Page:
The new era dawned dry, and I took advantage of a trip to the dentist in Carlisle to cycle an indirect route home whilst Avril did some shopping and drove back. Just under 40 miles in a stiff crosswind, but warm, sunny, and timely – I really feel those endorphins desert me if I’m idle for a moment too long.
Friday, May 19th, 2017.
Not much more to say than that, underlining several comments in recent weeks on the apparent suspension of time which occasionally strikes me as I ride about familiar local lanes.
Wednesday, May 10th, 2017.
Just a little postscript to last week’s east coast expedition. Took advantage of a few free hours and some sunshine on Friday to cross (twice) what I believe to be the longest single-span bridge in the world you can cycle over. And discovered the scone of the year – so far – at the superb Ropery Coffee Shop in Barton-on-Humber, also part, I learned, of the longest listed building in the UK – Barton Ropery. No need to guess why!
First big challenge of the year yesterday.
Avril drove to Hull on Monday to grandbabe-sit, and it was my plan to follow, attempting to do a 140-mile route in daylight, though equipped for darkness and other random interventions.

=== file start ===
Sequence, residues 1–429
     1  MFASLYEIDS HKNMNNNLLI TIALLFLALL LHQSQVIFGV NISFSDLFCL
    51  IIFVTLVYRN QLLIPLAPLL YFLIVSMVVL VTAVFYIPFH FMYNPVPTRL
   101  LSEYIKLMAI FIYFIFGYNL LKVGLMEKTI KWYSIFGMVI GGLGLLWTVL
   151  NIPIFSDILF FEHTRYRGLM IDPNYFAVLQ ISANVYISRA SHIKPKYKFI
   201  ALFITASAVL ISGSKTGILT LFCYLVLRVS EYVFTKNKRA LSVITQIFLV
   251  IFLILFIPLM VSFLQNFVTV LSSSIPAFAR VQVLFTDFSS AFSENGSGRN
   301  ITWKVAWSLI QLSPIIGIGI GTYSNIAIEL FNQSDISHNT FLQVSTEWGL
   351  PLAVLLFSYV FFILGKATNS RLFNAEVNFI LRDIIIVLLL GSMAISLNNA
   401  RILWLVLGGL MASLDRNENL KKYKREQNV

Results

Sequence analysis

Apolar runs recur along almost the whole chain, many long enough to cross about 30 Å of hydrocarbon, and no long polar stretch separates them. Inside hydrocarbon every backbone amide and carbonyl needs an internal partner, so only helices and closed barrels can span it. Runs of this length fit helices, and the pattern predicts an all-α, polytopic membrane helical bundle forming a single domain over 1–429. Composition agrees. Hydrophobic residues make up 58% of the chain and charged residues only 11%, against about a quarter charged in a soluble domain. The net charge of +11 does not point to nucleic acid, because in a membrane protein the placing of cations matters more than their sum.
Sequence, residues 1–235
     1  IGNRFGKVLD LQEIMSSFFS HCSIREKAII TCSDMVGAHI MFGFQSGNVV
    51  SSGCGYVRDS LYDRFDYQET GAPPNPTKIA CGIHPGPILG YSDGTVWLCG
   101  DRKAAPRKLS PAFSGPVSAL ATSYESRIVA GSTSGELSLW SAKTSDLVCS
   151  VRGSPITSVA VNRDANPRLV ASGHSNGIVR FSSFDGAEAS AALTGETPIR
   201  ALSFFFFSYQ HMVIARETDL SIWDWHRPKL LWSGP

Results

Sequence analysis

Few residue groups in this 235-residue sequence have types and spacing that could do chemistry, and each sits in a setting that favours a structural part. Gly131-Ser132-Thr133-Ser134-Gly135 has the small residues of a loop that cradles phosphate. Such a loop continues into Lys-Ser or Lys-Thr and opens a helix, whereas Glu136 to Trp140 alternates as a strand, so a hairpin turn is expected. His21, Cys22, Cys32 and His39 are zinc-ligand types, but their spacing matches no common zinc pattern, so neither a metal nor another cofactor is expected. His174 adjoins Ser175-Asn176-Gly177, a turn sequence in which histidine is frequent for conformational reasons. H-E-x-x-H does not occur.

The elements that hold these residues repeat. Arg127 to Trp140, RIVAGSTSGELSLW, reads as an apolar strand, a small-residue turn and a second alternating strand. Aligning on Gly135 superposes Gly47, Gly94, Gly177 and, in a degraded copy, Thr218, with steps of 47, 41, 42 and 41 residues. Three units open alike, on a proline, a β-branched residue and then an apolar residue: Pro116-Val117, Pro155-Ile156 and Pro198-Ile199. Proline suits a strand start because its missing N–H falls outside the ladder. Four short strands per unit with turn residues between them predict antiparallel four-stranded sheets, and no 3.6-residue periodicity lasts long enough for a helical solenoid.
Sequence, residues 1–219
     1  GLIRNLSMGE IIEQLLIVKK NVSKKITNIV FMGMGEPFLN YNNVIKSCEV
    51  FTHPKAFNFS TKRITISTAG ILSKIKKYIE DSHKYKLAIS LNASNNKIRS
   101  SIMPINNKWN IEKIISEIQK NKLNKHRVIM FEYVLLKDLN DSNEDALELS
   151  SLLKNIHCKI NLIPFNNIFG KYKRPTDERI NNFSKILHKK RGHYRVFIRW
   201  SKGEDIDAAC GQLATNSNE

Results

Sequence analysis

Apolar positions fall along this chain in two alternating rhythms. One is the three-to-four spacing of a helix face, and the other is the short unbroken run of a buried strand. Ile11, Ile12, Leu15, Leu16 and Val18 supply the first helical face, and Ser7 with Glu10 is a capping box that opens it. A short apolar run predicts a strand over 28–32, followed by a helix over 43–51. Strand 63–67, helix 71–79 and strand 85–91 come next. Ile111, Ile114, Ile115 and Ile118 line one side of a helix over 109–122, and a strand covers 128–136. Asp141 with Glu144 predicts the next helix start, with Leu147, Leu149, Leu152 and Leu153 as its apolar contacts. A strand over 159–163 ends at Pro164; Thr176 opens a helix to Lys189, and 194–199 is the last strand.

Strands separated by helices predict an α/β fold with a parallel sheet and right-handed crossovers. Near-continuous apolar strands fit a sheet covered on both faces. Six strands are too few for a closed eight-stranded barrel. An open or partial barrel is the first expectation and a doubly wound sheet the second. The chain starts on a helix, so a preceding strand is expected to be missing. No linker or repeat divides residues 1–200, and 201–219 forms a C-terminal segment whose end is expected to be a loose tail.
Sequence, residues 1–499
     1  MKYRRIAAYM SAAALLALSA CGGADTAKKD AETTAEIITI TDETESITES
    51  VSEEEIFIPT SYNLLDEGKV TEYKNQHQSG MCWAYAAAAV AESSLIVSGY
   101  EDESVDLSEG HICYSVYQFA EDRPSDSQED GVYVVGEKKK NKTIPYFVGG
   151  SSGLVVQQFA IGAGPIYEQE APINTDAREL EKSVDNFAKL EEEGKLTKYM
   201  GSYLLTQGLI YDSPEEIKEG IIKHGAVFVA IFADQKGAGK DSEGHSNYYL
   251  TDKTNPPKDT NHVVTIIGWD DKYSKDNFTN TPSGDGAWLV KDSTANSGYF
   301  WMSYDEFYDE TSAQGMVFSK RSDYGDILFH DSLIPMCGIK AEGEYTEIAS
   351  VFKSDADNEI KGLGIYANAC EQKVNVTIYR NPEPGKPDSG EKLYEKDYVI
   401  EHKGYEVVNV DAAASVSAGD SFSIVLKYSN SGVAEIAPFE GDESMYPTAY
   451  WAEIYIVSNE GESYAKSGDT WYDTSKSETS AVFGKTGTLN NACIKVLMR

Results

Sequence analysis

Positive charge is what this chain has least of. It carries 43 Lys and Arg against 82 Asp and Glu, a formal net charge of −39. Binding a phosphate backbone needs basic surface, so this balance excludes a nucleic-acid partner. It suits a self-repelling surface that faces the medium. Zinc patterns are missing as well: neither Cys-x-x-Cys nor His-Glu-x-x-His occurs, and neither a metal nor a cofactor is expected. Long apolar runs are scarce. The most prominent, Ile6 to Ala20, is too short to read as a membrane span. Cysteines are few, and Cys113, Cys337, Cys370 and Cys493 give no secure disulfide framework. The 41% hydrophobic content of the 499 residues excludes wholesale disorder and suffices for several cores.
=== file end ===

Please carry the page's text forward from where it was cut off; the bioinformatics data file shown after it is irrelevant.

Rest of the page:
I was up at 5.30am, and off just before 7. In keeping with recent days, there was an uncharacteristic easterly breeze, which was to persist all day, keeping thing just a tad too cool. I wore tights under my shorts and a light jacket, and kept them on, despite brightness and complete lack of rain.
The journey took me from Cumbria over Aisgill Summit into Wensleydale, thence from Leyburn across the Vale of York (flat, therefore at speed) to Easingwold, then over the Yorkshire Wolds to Beverley and on into Hull, arriving at 8.30 pm. So I did have to use those lights; just.
I made three fuel stops; elevenses at the Humble Pie cafe in Askrigg, a late lunch at the Sugar Mouse cafe in Easingwold, and a final short break to fill up my water bottle, drink a fizzy drink and buy a few necessary Mars bars at the Robin Hood pub in Middleton-on-the-Wolds. These breaks accounted for just over an hour-and-a-half in a thirteen-and-a-half hour trip, in-the-saddle time being 15 minutes under 12 hours, – my estimated and target time. Average speed 12mph with 6,000′ of climbing. Very happy with that, given the wind, which was less strong than on recent rides.
To my delight, my legs felt no real fatigue at the day’s end, and I had little neck stiffness and no saddle discomfort; there’s no doubt that the recently reconfigured riding position on the summer bike has a lot to do with much better neck and shoulder condition. The more upright position also gives me greater mechanical efficiency – well worth sacrificing an aerodynamic profile for, given that’s of no importance to an ambling old geezer anyway.